Book Review: Horses and Mules in the Civil War: A Complete History with a Roster of More Than 700 War Horses


by Gene C. Armistead

Jefferson, NC: McFarland, 2013. Pp. viii, 248. Illus., appends., notes., biblio., index. $49.95 paper. ISBN: 0786473630

The most forgotten participants – and victims – of the Civil War

Although horses and mules have played major roles in warfare from the dimmest past to the most recent conflicts, their importance has most often been taken for granted.  In this look at the equine participants in the Civil War, sometime Marine and independent scholar Armistead reminds us that not only did more equines serve in the Civil War armies than humans, but they suffered heavier casualties as well, more than a million perishing from wounds, hunger, disease, or exhaustion. 

Armistead addresses the ways in which horses and mules were procured by both armies.  This includes “recruiting” standards, training, and “horseflesh” management, which required an extensive infrastructure of remount depots, animal hospitals, transportation facilities, and more, which became particularly sophisticated on the Union side.  Armistead discusses the problems related to caring for the animals under wartime conditions, and losses in battle or to the hazards of the service; although casualty rates in action were high (a horse offers a target about five times larger than does a man), more horses and mules died of exhaustion and disease than from shot and shell.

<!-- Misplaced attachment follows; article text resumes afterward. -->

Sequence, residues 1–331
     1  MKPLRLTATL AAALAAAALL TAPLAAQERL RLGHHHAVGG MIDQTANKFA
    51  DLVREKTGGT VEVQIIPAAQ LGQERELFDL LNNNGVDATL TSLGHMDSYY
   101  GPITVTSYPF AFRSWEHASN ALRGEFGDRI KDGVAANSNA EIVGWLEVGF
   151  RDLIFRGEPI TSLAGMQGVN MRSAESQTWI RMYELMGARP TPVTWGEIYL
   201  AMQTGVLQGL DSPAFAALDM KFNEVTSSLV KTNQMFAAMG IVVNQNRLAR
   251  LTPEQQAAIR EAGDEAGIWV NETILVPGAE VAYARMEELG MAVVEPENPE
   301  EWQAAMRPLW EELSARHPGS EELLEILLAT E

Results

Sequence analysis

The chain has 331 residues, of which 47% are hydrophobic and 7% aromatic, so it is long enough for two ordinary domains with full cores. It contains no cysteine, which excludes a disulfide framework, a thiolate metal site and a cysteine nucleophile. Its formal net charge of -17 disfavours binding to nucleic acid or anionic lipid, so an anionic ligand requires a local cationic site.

Armistead include several short accounts of particular horses or mules in action, including a chapter on the Union’s curiously successful “mule brigade.” Two chapters deal with the end of the war and postwar memorialization and contemporary naming customs.  The final chapter is a roster of known horses, often with extensive commentary, of particular value to biographers as most of the animals about which something is known were generals’ mounts.  There are also several useful appendices. 

This is a very interesting and useful work for anyone with an interest in the Civil War or with the rather neglected subject the management of a nation's "horsepower" in war. 

Note: Horses and Mules in the Civil War is also available as an e-book, ISBN 978-1-4766-0237-0.

Reviewer: A. A. Nofi, Review Editor   

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